Now it looks, like everything went very well, but reality was quite different. All this happened after very strong “bleeding” which was caused by SDCMC player. I discussed it with Fandal, I really have to thank him a lot, because I might not make it work without him. He wrote twice about SDCMC on his blog and every time he described unpleasant experience, so this time I tried it on my own. Player routine as it is plays music in normal mode. This version of CMC player has one special flag that has to be set in order to play music in double mode. Double mode runs alternate replay routine which takes much more CPU time than normal one, but listener is rewarded with much better sounding drums. It is something like when you run RMT on TMC player twice a frame, but this one is run just once. Funny thing is that one sound channel plays total jibrish in double mode and also one part of replay routine reads some data from addresses which have no relation to music ($FF00). Fandal warned me about these facts, so I fixed some bugs with his patch, but I could not fix this weird reading from last memory page. Then I fixed it by trial and error method so I changed 1 byte of music to different value. Btw this issue caused that song refused to loop so when replay routine reached end of last songline it just went silent. Second “funny” thingie about SDCMC is its integrated Disk Manager where “load” function works only on second try and “save” works only when using Atari800winPlus (I believe that also SIO patch has to be also disabled). You might get totally lost when using Altirra, no disk write possible – funny. This fact really “amused” me because I use Altirra exclusively and I had to discuss this issue with Fandal again… after 25th unsuccessful disk write attempt.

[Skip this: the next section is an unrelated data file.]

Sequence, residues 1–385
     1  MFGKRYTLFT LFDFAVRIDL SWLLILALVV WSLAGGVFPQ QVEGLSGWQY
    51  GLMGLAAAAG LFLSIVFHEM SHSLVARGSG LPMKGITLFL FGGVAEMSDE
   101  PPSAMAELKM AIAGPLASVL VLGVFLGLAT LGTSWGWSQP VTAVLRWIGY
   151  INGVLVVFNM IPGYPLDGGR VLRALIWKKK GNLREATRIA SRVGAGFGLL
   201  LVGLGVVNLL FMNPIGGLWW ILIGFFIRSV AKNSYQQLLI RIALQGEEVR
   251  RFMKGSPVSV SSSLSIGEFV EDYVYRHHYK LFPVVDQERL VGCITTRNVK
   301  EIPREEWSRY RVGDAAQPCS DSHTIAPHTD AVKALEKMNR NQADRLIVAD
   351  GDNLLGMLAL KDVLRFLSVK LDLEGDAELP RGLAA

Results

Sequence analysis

31st of August came, the day of deadline. Status: title screen worked, music caused glitches (see screenshot below with enabled frame blending), game logic was not really implemented at all yet, it was possible to click on tiles, but nothing was eliminated or animated yet.